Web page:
Let’s just get to it. I’ve been itchin’ to talk about a few items, but I ain’t had time lately. (My dad’s actual 75th birthday, a new quarter starting–the final one; only 38 days to go, not that I’m counting or anything–the catch-up after a long break, and etc.) Go.
Item One: The classroom as casino. As I said in my previous post, the big to-do (which seems to have passed) on the middle-L listserv turned me on to some new ideas and made me rethink some things. Mr. Lee, the young charter school whippersnapper has a couple of self-published books on LuLu.com. One of them is called, The Happiest Place on Earth: 7 Powerful and Proven Ways to Engage Students. His book was not one of the sources of ideas of which I speak. But he did give me some material for this here blog, so for that I am grateful.
First of all, I live in the happiest place in the country, and since Mr. Lee teaches in California, his first claim is logically invalid, but anyway…
I read the freebie sample pages, and he starts with a letter from a former student, one he says was “historically basic” on the state tests. This former student is now a “second-year med student at UCLA,” and he writes to tell everyone what a great teacher Mr. Lee is because he cares for his students and only wants the best for them.
Raise your hand if you’ve received any letters like that.
I thought so. Everyone can produce testimonials from former students. Pretty much everyone who still has a job–as well as a good many who don’t any more–can find someone to testify. I’ve seen people that the kids made voodoo dolls of still have several letters of kudos from former students on the wall. And we all know that for every kid who turns out this way, there’s probably another who aced your class, thought you were the best thing since the cheeselog, and is now a criminal or a hobo. Teaching requires a thick skin and a small ego. I’m still working on the second one myself.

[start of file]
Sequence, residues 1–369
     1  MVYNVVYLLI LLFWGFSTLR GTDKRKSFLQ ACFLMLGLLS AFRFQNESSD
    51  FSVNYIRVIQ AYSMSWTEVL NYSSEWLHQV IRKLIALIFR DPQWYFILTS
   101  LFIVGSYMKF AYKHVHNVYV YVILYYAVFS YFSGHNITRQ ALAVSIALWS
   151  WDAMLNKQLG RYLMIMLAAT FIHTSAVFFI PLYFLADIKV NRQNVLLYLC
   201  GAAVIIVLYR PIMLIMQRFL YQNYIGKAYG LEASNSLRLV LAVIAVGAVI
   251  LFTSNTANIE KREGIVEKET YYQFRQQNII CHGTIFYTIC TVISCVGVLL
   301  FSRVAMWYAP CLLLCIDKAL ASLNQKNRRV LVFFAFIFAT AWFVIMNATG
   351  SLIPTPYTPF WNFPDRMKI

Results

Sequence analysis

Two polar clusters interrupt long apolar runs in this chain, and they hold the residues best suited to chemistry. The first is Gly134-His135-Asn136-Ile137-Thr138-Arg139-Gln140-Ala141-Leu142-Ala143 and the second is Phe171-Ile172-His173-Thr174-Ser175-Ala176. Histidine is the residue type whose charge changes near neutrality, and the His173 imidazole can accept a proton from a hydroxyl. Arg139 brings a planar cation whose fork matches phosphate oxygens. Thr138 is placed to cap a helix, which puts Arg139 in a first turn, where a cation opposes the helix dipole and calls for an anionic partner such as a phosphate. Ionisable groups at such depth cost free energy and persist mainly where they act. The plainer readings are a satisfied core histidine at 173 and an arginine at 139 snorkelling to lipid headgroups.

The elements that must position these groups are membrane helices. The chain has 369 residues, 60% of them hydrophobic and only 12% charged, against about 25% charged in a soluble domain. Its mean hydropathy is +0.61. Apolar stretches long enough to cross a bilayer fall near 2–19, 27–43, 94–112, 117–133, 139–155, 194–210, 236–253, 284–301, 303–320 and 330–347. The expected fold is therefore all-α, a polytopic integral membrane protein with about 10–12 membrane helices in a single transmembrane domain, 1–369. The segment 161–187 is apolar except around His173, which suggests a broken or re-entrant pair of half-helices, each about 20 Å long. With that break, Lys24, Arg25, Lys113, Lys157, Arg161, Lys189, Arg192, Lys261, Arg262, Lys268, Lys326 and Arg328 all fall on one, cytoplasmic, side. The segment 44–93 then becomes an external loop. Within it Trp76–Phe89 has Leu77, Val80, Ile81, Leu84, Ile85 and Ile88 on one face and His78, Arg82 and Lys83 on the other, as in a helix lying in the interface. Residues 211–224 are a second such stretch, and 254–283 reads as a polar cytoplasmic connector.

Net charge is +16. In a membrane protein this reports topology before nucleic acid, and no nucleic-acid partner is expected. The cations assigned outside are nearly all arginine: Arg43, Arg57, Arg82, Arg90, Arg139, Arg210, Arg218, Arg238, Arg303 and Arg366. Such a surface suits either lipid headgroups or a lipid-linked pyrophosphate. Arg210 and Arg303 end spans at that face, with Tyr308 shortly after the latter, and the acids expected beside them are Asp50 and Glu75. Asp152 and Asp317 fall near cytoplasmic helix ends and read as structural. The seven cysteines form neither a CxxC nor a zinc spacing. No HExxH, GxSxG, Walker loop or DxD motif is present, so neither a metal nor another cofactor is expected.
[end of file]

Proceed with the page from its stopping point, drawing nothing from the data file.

This just looks like padding your resume to me.
Anyway, his first chapter is Classroom Setup, and the first section is called Physical Set-Up Affects Behavior.
He starts by talking about how the last time he was in Vegas he ended up spending more time in the casino that he had planned, and spent more money gambling to boot. He dredges up the old CW about how casinos are designed that way. Never mind that that CW has been debunked by Steve Wynn and the other moguls who run Vegas–go read about it here in the New Yorker–but I did like the metaphor. Let’s look more closely.
Clocks. Casinos have no clocks. It’s easy to lose track of time and stay longer than you planned.
I have a clock, but it’s analog, so at least half can’t read it. It’s also behind the majority of the class. I know some teachers who cover theirs or make sure the LCD/overhead screen is in front of it.
Windows. There are no windows. It’s hard to tell night from day. Again. this makes it easy to lose track of time.
Check. I have very small windows relative to the size of the room, and they’re way over by the door behind everyone, and I had a servant years ago cover then with white paper to keep greasy noses from pressing up against them while I’m trying to work (or take a nap) in the morning.
Lights/Sounds. It feels like you’re standing in Time (sic) Square on New Year’s Eve. Your senses are bombarded one (sic) you set foot in a casino… the idea that it’s fun and that you’ll be a winner screams at you from every direction.
Say what? I thought learning began in silence. I’m obviously going to need more time/space for this one and the next one–Gambling Area. See you tomorrow before House.